All cancer treatments can have side effects. Your treatment team will discuss these with you before you start treatment. Talk to your doctor or nurse about any side effects you are experiencing. Some side effects can be upsetting and difficult, but there is help if you need it.
or email to speak with a caring cancer nurse for support.
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Papillary Or Flat Tumors
Papillary tumors grow out from the inner lining toward the hollow center of the bladder, in slim finger-shaped growths. These are often non-invasive, because they grow outward from the bladder lining rather than inward deeper into the bladder walls. One type of slow growing, non-invasive papillary bladder cancer is called papillary urothelial neoplasm of low malignant potential .
Flat bladder tumors do not grow into the hollow part of bladder, but grows in a flat shape instead. If a flat tumor has not grown outside of the urothelium layer of cells, then it is non-invasive. If it has grown deeper into the bladder wall, then it is called invasive.
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Transurethral Resection Of A Bladder Tumour
If abnormalities are found in your bladder during a cystoscopy, you should be offered an operation known as TURBT. This is so any abnormal areas of tissue can be removed and tested for cancer .
TURBT is carried out under general anaesthetic.
Sometimes, a sample of the muscle wall of your bladder is also taken to check whether the cancer has spread, but this may be a separate operation within 6 weeks of the first biopsy.
You should also be offered a dose of chemotherapy after the operation. This may help to prevent the bladder cancer returning if the removed cells are found to be cancerous.
See treating bladder cancer for more information about the TURBT procedure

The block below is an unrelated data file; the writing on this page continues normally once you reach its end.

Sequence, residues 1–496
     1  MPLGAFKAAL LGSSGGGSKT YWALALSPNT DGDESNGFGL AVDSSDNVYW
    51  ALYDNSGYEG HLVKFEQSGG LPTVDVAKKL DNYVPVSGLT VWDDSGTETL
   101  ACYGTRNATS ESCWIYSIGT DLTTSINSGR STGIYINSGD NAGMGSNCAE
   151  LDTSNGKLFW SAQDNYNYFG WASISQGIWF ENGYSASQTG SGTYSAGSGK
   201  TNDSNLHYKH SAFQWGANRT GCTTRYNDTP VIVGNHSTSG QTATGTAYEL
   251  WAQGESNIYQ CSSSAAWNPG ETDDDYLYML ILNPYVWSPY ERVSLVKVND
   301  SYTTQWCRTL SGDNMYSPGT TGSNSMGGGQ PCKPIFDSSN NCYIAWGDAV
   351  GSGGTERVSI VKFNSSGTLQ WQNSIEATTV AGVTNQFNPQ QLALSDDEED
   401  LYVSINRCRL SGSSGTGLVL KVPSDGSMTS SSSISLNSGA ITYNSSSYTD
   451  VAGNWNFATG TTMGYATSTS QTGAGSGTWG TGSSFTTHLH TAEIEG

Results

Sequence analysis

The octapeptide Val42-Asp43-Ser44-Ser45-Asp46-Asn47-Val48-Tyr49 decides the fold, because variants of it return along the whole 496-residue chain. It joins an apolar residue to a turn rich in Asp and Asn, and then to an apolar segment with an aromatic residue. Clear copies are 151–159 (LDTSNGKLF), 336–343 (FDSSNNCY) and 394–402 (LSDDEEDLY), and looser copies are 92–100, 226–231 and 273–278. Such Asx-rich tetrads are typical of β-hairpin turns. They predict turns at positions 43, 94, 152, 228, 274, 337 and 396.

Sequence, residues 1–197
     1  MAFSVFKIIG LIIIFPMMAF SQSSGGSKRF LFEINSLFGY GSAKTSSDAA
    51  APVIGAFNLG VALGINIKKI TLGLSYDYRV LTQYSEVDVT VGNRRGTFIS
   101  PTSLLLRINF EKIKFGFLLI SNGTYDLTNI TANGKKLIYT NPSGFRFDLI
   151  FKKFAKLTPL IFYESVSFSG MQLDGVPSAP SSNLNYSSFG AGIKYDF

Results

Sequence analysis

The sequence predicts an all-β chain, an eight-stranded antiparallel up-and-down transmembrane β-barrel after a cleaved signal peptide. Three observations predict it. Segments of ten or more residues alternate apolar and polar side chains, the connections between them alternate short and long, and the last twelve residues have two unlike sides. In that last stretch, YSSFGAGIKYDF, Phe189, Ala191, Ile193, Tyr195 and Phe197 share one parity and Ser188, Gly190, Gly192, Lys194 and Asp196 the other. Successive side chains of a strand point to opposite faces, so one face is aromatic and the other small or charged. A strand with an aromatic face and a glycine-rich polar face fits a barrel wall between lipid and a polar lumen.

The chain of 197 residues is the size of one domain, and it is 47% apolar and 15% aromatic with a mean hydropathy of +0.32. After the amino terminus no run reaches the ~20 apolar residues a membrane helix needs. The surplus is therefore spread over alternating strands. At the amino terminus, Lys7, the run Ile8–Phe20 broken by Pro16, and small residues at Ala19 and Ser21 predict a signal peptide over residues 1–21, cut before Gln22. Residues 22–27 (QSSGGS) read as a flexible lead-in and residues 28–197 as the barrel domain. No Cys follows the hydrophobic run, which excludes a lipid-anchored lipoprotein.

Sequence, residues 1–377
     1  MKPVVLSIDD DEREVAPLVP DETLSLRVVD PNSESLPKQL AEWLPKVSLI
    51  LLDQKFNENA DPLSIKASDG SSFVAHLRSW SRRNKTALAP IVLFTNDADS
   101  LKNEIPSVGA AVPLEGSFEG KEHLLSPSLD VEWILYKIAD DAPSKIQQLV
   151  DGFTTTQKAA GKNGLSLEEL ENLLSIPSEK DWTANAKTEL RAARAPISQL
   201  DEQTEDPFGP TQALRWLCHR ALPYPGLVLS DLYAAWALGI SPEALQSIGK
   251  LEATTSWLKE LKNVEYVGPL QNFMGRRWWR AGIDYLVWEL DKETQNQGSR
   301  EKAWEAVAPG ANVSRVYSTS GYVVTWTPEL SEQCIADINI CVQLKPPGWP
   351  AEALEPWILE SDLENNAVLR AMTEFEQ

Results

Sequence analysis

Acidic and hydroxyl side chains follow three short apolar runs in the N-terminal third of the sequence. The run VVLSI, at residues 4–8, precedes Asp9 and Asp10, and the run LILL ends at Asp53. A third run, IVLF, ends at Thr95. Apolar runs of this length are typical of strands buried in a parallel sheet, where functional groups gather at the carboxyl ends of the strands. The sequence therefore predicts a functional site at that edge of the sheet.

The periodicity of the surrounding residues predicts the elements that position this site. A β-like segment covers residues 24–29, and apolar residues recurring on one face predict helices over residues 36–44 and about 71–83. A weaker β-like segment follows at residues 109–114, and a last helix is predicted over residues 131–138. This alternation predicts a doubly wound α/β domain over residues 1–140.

What Are The Risks Of Bladder Cancer
No single factor is directly connected to bladder cancer, but factors that can increase the risk include:
- Age: Bladder cancer typically affects people age 55 and older.
- Smoking: Carcinogens from tobacco smoke come in contact with the lining of the bladder. Smokers are three times as likely as non-smokers to get bladder cancer.
- Family history: There is evidence that bladder cancer may have a genetic component.
- Industrial chemicals: Chemicals known as aromatic amines are often used in the dye industry. Workers who have daily exposure to them, such as painters, machinists and hairdressers, may be at a higher risk for bladder cancer.
- Drinking contaminated water: This includes water that has been treated with chlorine or drinking water with a naturally high level of arsenic, which occurs in many rural communities in the United States,.
- Taking certain herb: Supplements such as Aristolochia fangchi, a Chinese herb, sometimes used for weight loss has been linked to higher rates of bladder cancer.
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Is A Mass In The Bladder Always Cancer
If youve been told that you have a mass in your bladder, you need to have it evaluated by experts uniquely qualified to determine whether or not it is cancer.
While there are several types of benign masses that can grow in the bladder, these are uncommon and account for fewer than 1% of bladder masses,â says Khurshid Guru, MD, Chair of Roswell Parks Department of Urology.
What Happens When A Dog Gets Bladder Cancer
In the early stages of urinary bladder cancer, there are usually no serious signs and symptoms. As the disease progresses, it starts to show signs identical to those of a urinary tract infection. The signs include frequent urination, painful urination, bloody urine, producing larger volumes of urine, and more accidents in the house.